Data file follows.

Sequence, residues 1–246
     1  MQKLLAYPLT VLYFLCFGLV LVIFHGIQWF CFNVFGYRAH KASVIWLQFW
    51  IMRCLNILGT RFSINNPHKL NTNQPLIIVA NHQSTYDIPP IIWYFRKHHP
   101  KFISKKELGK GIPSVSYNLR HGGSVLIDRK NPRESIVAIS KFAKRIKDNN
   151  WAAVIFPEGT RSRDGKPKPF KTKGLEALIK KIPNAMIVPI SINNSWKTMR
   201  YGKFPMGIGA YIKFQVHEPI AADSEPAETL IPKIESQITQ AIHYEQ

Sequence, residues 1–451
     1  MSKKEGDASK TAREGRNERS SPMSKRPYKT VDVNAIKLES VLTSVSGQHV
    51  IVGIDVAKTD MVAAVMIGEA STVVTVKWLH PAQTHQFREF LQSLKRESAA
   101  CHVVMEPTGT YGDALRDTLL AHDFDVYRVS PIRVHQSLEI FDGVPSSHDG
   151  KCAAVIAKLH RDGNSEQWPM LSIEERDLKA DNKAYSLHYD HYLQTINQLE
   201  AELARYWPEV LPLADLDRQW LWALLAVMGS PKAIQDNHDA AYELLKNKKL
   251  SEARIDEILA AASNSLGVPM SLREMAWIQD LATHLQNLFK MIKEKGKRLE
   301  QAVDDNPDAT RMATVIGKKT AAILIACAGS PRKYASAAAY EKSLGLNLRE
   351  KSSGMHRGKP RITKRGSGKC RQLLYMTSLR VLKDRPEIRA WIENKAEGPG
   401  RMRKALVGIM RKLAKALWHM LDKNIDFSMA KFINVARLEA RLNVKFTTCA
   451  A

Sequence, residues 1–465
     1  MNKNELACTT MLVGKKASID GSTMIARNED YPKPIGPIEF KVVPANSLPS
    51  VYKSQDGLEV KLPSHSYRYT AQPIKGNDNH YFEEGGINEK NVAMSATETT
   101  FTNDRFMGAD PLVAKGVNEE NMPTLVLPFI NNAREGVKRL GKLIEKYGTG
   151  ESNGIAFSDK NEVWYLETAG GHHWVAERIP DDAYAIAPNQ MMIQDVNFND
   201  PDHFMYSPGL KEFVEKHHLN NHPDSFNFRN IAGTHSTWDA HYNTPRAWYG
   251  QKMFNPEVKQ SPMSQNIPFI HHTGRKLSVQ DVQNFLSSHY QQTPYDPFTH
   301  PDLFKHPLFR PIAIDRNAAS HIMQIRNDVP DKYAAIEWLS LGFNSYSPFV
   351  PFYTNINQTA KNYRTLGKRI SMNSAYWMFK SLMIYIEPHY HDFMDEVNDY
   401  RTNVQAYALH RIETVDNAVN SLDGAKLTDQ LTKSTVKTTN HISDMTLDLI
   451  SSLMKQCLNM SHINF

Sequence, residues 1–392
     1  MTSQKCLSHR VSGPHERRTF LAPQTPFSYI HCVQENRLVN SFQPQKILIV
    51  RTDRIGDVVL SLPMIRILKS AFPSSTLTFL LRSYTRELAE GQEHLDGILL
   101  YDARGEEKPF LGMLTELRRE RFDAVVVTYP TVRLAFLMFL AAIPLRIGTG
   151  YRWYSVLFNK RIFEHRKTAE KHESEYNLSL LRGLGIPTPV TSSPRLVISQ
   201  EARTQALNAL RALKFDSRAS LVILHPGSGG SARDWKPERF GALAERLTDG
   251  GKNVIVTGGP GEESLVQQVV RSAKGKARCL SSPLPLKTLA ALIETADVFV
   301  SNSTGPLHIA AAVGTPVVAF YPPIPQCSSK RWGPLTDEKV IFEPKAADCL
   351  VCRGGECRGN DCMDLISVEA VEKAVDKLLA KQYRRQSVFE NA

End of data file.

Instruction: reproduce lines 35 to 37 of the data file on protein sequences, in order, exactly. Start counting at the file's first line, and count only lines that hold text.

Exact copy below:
   251  GKNVIVTGGP GEESLVQQVV RSAKGKARCL SSPLPLKTLA ALIETADVFV
   301  SNSTGPLHIA AAVGTPVVAF YPPIPQCSSK RWGPLTDEKV IFEPKAADCL
   351  VCRGGECRGN DCMDLISVEA VEKAVDKLLA KQYRRQSVFE NA